People for Education in the news
"We know that students who are struggling benefit from being in the [academic] classroom and the evidence is equally strong that those who are doing well are not harmed." - Annie Kidder
London Free Press: Municipalities and community groups will help test new rules for teaming to spare schools
The Ministry of Education is introducing a pilot program to test new approaches to Ontario's school closing process. Annie Kidder points to the need for broader discussions about integrated decision-making between school boards and municipalities.
Annie Kidder talks about our new report on guidance counsellors with Matt Galloway on CBC Metro Morning.
People for Education's new report finds students have limited access to school guidance counsellors at a time when transition/career planning is more complicated and students' mental health needs are increasing.
Durham Region News: Choosing Grade 9 courses is serious stuff: Durham school board puts more checkpoints in place
New initiatives in the Durham District School Board help grade 8 students make more informed choices, and two schools are offering mixed academic/applied grade 9 math.
The Auditor General's report raises the same concerns flagged by People for Education in our 2017 annual report on Ontario's schools. Funding to support at-risk students is being used to cover shortfalls in other areas.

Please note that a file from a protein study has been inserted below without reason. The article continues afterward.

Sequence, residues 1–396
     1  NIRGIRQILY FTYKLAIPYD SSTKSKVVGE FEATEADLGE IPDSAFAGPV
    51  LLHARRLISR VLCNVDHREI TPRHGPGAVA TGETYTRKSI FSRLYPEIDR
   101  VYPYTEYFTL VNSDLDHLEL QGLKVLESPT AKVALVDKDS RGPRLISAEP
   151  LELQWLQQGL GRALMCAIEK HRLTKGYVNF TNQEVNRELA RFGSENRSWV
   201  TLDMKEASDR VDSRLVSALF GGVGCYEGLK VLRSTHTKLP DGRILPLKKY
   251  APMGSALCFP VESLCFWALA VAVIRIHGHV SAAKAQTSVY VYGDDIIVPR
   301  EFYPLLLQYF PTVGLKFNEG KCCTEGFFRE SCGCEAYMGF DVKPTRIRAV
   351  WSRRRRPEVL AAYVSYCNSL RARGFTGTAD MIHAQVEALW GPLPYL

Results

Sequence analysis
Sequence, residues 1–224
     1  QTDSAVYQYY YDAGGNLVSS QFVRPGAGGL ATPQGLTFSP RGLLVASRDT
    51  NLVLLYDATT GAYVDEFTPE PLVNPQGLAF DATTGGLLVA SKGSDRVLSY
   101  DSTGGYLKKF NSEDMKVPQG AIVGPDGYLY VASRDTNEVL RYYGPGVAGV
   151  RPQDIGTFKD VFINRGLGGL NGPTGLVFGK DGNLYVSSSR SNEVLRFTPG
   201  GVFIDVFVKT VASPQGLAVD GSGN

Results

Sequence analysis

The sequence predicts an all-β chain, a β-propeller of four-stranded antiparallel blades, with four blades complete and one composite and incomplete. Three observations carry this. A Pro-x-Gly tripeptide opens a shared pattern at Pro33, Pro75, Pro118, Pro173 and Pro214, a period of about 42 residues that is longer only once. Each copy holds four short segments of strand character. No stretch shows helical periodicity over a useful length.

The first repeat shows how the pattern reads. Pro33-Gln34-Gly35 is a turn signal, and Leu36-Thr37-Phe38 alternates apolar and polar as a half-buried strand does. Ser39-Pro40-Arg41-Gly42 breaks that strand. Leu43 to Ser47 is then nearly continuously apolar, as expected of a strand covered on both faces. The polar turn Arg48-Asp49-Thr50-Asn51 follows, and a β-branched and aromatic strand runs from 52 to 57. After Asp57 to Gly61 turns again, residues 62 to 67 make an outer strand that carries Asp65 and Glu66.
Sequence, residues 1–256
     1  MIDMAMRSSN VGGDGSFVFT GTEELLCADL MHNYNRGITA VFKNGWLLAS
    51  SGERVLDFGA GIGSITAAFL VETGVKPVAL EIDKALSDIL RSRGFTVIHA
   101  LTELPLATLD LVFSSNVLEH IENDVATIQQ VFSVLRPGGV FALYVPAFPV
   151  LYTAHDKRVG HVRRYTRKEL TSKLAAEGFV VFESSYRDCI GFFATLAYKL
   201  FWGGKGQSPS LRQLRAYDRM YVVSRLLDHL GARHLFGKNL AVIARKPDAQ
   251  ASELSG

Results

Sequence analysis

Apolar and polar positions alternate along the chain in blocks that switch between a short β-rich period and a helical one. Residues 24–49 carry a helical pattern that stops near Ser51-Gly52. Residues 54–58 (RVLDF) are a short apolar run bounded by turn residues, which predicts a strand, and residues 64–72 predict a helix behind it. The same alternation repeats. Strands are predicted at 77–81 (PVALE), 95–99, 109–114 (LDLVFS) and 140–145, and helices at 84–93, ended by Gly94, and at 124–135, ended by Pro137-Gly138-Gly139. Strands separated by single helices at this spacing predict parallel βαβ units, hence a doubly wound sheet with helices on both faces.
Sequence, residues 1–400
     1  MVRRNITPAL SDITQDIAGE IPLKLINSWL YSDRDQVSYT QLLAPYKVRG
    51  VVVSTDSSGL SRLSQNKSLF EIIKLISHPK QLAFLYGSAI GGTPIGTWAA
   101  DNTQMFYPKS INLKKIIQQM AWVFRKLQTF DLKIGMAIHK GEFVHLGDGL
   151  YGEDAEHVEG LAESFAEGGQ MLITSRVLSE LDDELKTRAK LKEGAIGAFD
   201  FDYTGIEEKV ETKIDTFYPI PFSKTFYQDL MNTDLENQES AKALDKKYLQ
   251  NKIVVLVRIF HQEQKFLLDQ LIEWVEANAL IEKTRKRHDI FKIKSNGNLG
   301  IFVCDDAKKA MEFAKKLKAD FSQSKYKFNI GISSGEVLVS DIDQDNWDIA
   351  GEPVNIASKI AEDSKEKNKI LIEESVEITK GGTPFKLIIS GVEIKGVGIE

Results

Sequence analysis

It's parent-teacher interview time, and People for Education's tip sheet for parents provides tips on how to prepare, possible questions to ask, and the importance of following up.
Globe and Mail: Play equity: Should parent fundraising determine the quality of Toronto’s schoolyards?
People for Education's annual survey findings show that for every $1 raised in schools in low-income neighbourhoods, affluent neighbourhoods are able to raise $49, an increase from $1 and $25 nine years ago.
Annie Kidder comments on the TDSB's suggestion that specialty school programs should be phased out to create a more equitable TDSB.
People for Education's report found that "17 per cent of elementary students and 22 per cent of secondary school students receive special education assistance – percentages which have increased steadily over the last two decades."